007: How to Audit Your Rep's Onboarding Journey

Do you know what your Rep’s onboarding experience is really like? In this video, Stephen will show you how to take inventory of this process.

What's up everyone? This is episode 7 of The 
Reps Journey and in this episode I'm gonna  

do something a little different. I'm gonna go 
solo. I'm gonna really quickly go through and  

show you something that we've been doing with our 
customers initially, when they initially joined  

with ConveYour that has been hugely valuable 
for them. That's why I want to share it. We call  

it The Rep Journey Audit. I know I talk about 
the rep's journey a lot. It's the name of our  

podcast but I think this is super super valuable 
so I just want to share with you how it works.

This is The Reps Journey 
podcast with Stephen Rhyne.  

TRJ exists to help you recruit, 
train, and retain your reps.

This is going to be a 
[notion.so](http://notion.so/)  

template that you can use in your own company 
if you want. We're going to try to set it up  

as a template so that you can grab the link 
and create this for yourself. The first thing  

that we do with our customers is to try to set 
some baselines. What kind of stats do they have  

right now with their rep funnel and what are they 
shooting for? What are their goals? Surprisingly,  

a lot of times these numbers are arbitrary. 
They're not tracked but we want to just start,  

you should start thinking about these numbers 
even if you're working with smaller numbers.  

Even if you're working less than 100 reps or you 
really have no idea how many actual candidates you  

had because all of your managers have their 
own little lists on their phones of who the  

candidates are and you only get an email saying 
on board this rep, okay? Don't worry about it.  

Just try to ballpark and get in your current 
numbers and ballpark your percentages even  

if they're guts around your conversions between 
recruit to onboarded, onboard to fully trained,  

and then fully trained to actually going out and 
doing the job. Maybe, you also have one that is  

around three months later, around six months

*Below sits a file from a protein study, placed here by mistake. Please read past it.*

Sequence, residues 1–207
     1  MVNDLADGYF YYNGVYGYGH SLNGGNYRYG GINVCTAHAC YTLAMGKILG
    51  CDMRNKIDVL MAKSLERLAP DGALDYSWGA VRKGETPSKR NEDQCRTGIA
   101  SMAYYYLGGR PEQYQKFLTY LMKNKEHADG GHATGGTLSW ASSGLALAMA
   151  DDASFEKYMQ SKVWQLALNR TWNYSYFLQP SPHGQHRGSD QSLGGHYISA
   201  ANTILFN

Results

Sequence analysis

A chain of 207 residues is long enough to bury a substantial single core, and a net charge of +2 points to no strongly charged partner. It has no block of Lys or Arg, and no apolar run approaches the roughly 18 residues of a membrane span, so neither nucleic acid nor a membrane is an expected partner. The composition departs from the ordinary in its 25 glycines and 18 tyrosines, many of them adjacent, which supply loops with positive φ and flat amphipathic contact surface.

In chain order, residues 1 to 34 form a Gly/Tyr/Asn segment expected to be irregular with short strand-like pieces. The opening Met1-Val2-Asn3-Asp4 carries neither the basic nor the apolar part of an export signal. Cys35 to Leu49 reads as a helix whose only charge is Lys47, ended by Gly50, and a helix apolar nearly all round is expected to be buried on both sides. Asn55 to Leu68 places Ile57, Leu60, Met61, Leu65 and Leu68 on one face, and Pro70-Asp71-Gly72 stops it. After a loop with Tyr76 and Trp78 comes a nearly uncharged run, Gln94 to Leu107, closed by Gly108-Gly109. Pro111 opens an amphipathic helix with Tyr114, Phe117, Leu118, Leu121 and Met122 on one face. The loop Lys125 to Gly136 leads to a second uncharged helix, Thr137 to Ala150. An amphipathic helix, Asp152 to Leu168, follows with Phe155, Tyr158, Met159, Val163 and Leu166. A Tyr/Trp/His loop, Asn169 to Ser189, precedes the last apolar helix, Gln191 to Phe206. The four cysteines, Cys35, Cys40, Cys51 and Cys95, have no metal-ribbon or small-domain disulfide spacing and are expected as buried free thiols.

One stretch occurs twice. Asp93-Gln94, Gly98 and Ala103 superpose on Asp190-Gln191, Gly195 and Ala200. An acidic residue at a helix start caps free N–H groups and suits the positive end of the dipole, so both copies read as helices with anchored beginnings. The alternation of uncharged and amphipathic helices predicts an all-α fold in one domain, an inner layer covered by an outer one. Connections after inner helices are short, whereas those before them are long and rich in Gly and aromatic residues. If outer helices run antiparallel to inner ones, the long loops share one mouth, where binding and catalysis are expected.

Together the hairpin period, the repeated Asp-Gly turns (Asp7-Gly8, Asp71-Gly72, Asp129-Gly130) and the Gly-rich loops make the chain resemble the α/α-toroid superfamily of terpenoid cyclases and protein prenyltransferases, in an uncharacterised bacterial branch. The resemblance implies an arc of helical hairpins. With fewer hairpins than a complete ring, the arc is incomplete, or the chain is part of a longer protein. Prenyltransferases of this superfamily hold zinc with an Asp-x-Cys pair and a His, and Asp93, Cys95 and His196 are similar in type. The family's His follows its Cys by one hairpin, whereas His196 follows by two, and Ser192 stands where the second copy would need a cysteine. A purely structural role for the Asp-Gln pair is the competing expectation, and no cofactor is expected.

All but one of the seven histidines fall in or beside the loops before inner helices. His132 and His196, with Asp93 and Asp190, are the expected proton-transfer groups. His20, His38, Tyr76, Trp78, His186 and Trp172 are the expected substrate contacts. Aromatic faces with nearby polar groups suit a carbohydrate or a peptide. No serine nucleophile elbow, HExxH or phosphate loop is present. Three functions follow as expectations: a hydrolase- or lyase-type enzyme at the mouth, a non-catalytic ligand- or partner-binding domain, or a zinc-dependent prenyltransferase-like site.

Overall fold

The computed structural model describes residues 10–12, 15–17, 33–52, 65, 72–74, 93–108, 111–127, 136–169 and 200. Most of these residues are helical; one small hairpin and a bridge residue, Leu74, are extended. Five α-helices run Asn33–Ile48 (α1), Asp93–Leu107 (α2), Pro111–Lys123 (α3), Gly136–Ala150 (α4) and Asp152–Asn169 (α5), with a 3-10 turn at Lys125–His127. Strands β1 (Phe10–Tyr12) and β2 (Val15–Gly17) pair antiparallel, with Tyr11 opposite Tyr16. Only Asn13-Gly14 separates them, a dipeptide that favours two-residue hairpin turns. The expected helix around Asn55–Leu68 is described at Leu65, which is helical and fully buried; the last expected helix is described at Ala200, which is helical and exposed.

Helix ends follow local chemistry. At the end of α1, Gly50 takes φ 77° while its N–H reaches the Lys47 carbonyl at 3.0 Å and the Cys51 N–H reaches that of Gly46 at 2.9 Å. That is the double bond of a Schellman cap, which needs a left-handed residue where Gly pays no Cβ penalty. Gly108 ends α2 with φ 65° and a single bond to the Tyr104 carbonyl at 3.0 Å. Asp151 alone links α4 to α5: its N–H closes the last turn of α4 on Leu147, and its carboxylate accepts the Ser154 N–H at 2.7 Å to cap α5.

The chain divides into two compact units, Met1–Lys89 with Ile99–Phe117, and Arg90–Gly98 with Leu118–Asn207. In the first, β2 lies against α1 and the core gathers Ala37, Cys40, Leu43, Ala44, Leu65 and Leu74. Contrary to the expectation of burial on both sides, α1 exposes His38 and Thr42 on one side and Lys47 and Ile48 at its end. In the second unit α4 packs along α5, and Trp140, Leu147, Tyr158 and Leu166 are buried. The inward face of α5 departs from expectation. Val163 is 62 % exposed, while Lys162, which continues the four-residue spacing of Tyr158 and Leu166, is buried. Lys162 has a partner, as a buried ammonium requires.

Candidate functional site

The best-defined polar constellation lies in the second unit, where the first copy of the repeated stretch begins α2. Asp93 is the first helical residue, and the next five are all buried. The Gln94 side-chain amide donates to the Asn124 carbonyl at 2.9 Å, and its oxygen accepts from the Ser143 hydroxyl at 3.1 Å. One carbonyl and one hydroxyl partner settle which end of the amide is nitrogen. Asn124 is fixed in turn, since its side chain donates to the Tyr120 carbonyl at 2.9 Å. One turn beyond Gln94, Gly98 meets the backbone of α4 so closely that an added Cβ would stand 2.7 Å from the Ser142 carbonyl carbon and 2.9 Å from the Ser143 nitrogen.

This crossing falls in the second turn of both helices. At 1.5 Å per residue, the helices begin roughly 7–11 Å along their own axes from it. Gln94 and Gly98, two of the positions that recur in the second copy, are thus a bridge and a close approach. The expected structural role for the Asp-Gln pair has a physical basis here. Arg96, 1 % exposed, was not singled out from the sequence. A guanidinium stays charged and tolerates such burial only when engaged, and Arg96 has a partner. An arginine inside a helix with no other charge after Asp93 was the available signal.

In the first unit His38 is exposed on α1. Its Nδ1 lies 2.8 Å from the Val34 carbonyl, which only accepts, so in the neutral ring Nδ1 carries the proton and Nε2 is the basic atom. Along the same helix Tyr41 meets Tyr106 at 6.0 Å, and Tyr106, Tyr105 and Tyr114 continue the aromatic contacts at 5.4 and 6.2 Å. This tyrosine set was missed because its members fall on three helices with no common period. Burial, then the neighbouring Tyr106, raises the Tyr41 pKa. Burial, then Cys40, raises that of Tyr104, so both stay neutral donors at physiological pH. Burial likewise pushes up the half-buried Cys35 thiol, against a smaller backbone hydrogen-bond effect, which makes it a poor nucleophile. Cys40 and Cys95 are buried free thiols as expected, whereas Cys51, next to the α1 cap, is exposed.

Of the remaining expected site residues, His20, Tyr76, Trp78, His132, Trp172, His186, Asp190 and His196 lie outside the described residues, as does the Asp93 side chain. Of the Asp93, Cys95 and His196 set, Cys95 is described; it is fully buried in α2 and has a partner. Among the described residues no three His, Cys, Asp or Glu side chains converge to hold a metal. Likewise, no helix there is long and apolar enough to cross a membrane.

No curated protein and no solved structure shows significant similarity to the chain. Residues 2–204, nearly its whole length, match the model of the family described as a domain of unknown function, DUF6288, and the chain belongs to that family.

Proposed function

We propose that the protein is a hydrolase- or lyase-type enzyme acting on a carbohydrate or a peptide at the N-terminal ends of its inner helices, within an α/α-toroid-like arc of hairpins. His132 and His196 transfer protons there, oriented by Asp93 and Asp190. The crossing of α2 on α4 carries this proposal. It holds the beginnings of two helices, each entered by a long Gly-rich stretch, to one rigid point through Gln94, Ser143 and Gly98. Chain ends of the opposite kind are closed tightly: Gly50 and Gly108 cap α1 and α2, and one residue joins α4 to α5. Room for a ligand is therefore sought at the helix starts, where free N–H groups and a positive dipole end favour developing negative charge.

later, like your retention numbers. Just get them  

in. I think that no stats or having some stats 
whether arbitrary or not is better than no stats  

at all because at least you're starting to move 
towards tracking this. So we do that first. We can  

set some expectations and figure out what the 
customer wants. The next thing we do is log all  

of the systems and tools that a company uses. What 
is their canvassing tool? What is their proposal  

tool? What's the HR tool? Is a rep using this 
or not? Does a rep interact with it? The reason  

why I want to know if the rep interacts with it 
is because that is part of the rep experience  

and how you onboard them into that remote product 
and when they receive an email **matters**. Is it  

going to be super obtuse that they got onboarded 
in this thing before they got training on it?  

Maybe. We try to get all those out on the table 
and then we also go through and look at the rep  

systems. We bring them down from the systems and 
we go which of these tools are a must-have for the  

rep and by when. Where is it going to fall into 
the rep journey? How are they getting into it?  

Is it manual? Who does it? Why are they doing it? 
How does that person, Jane, for example, know when  

to add this person? Is that clear? Is that defined 
and can we automate it? Could we get it where the  

rep is only added to your proposal tool the minute 
after they finish their training on the proposal  

tool? Why do they need it beforehand? So, that's 
an example where we want to know about all those  

individual tools that you have. Now, we're at 
the rep journey audit section. Most of the people  

that come to us start with training. That's the 
first thing that they want to focus on which is  

kind of in the middle of the stack. We do like 
to start really comprehensively and start with  

recruiting. Here are some of the questions that 
we ask. This is all going to be in the template.  

How do people initially hear about the company? 
How does a manager intro the opportunity?  

How does the manager save recruit information? Is 
a manager storing that in their own phone? Do they  

use their own little recruiting system or is there 
a centralized location where anybody that's heard  

about the opportunity, that you provide, is 
getting added to a system so you can nurture  

those people? Does that exist? If there's quasi, 
document it. Document all of the things that  

managers are doing to get this done. How does the 
manager share rep info with the company to start  

onboarding? Is that an email to some mystical 
person that does all the manual onboarding